U.S. President Barack Obama did not go to Israel on March 20 with a new peace plan but with a speech studded with rhetorical flourishes designed to win Israeli hearts, a kind of counter to his famous speech in Cairo, which had raised Palestinian hopes.
In 2009, he had sought to redefine America’s relations with the Muslim world, promising a brave new world built around trust, not suspicion.He delivered little and buckled before Israel’s refusal to stop Jewish settlements on Palestinian land. He found it safer to neglect the region for the remainder of his first term.
At the start of his second term, Obama is making another attempt to bring the two sides to the negotiating table – this time by striking the right notes with Israel. “Palestinians must recognise that Israel will be a Jewish state and that Israelis have the right to insist upon their security,” he said, touching the two weight-bearing pillars of Israeli discourse.
He chose to speak directly to the Israeli people and not to the Knesset – the legislative branch of Israel’s government – as would be the norm. Perhaps he was testing his rock star status among the young or hoping to speak to tomorrow’s leaders. He first took care of the necessities – he said Israel’s security “cannot be taken for granted.” Those who deny Israel’s right to exist, may as well “reject the earth beneath them and the sky above, because Israel’s not going anywhere,” he said to loud cheers. “So long as there is a United States of America, you are not alone.” He talked of how the story of the Jewish people had inspired him.
Obama then took the Zionist narrative and turned the tables. The master orator was back, the one that people remember and admired but had forgotten. He talked of justice for the Palestinians. “Just as Israelis built a state in their homeland, Palestinians have a right to be a free people in their own land,” he said to applause. “Put yourself in their shoes. Look at the world through their eyes. It is not fair that a Palestinian child cannot grow up in a state of her own and lives with the presence of a foreign army that controls the movements of her parents every single day.”
His bottom line: neither “occupation nor expulsion” is the answer but a separate state for the Palestinians. The speech was received well in Israel and the U.S. Israeli commentator Gideon Levy of the Haaretz newspaper dubbed him “Martin Luther Obama,” calling him a true friend of Israel for having the courage to tell the truth “even when it hurts.”
But in Ramallah, the reception was cold, for his message of change had a déjà vu quality to it. An unsmiling Palestinian leadership and protesters greeted Obama on his two-hour visit. His eloquence abandoned him when pushed on the question of illegal Jewish settlements in East Jerusalem and the West Bank – some 60,000 since he took office. He equivocated and conspicuously failed to repeat his earlier condition that settlement must end if a two-state solution is still the goal. No surprise that Arab commentators brushed off his visit as yet another example of yet another American president succumbing to the need to pander to Israel.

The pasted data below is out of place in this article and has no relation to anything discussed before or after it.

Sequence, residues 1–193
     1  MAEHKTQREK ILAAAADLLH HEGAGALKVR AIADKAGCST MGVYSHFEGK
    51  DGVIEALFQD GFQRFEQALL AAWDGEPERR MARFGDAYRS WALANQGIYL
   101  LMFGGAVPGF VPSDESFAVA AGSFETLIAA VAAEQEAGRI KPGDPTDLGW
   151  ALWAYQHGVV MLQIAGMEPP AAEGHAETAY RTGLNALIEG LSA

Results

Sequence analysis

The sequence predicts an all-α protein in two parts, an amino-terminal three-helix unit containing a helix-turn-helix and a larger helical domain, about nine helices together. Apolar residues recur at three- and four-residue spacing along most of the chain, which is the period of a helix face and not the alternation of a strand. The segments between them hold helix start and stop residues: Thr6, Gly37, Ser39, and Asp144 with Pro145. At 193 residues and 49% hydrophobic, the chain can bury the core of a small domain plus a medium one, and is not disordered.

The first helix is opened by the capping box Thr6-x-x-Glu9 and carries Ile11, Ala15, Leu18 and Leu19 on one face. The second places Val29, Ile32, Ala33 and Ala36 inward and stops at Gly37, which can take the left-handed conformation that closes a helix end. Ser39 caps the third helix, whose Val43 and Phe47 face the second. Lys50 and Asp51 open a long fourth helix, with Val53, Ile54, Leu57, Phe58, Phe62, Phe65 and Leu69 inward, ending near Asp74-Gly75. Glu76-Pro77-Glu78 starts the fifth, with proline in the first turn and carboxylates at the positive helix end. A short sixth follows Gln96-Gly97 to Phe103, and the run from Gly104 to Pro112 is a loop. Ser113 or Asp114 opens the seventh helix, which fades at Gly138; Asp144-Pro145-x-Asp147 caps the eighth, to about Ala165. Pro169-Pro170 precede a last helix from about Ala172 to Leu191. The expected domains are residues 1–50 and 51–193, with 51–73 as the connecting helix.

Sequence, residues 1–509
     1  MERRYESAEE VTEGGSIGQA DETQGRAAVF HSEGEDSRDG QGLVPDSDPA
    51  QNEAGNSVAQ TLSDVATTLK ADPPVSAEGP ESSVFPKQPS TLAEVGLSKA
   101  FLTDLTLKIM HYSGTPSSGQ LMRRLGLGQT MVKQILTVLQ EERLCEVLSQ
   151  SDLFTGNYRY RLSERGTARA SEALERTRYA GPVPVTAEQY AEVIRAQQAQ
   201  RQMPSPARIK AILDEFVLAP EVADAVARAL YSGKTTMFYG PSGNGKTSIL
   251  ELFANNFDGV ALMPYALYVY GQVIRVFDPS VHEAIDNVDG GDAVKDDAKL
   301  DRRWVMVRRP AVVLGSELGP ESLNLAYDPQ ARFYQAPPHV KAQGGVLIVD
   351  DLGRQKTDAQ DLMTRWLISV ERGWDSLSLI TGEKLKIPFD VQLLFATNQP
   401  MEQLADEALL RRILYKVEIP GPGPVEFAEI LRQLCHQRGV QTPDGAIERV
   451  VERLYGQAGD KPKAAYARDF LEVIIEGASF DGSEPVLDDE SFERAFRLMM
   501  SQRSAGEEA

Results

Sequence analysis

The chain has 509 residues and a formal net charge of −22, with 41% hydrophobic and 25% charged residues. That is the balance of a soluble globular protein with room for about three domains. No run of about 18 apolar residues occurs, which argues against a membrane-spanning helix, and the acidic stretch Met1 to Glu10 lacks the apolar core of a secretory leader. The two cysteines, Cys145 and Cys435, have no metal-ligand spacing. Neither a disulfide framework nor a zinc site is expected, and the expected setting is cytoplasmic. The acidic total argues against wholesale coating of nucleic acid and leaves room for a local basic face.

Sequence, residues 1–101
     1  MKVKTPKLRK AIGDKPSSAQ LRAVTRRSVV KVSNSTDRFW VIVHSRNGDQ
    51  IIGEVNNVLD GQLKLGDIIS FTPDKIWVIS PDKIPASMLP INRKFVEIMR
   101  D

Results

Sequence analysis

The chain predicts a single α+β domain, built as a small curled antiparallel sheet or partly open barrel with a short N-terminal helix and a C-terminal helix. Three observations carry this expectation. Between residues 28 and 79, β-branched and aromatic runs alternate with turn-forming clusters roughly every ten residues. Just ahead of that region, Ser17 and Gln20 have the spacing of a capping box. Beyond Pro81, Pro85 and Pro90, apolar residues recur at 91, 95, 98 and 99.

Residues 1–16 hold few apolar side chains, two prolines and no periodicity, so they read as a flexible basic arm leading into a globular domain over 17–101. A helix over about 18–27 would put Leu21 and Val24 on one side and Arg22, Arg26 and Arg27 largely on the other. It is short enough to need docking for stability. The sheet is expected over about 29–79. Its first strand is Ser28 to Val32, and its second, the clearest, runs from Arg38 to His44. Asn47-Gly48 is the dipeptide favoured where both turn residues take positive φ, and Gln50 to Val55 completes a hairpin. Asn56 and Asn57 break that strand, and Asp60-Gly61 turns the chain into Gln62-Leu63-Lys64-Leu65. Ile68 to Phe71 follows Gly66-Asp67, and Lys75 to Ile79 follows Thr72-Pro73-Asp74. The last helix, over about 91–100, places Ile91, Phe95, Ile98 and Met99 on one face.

Palestinians have a right to ask Obama: where’s the substance? Good words from a good man still mean little if not backed by actions. Words alone can’t deliver statehood. Palestinians also remember how American conservatives and the pro-Israel lobby very recently maligned Obama’s defense secretary Chuck Hagel for having expressed concern for Palestinian victims in the past. He was deemed anti-Israel. Hagel tied himself in knots trying to explain himself during the nomination process.
Arabs saw Obama’s visit as a kind of reversal of 2009 when he had reached out to the Muslim world with a new kind of language. But he was unable to make a breakthrough and his consequent testy relations with Israeli Prime Minister Benjamin Netanyahu led to a whole another dynamic. He went to Israel to prove that he is not anti-Israel in their opinion. Obama’s hawkish statements on Iran and Syria did not help even though Netanyahu used them to pull back from his extreme position to say that U.S.-led sanctions had worked.
It is unlikely that Israel will make concessions at this time to breathe life into the comatose peace process when its neighbours are in turmoil with Iran threatening to raze Tel Aviv, a bloody civil war raging in Syria and rockets coming from Gaza – two landed in southern Israel just as Obama arrived.
Be that as it may, Obama did reshuffle the deck somewhat by trying to prick the Israeli conscience with his speech. He raised the possibility of justice for the Palestinians, something that no U.S. president had done as clearly. He also recalibrated his position by linking Palestinian sovereignty with Israeli security and leaving out the question of settlements.
In 2009, he had demanded Israel put a freeze on building new settlements, which Netanyahu ignored with aplomb. Obama’s new approach is that if Israel’s security is guaranteed and Palestinians get a state with agreed borders, the problem of settlements would be automatically solved. Once the borders are negotiated, any settlements on the Palestinian side would be demolished.
How the two parties get there would be the test of Obama’s secretary of state John Kerry, who will lead the exploratory process.
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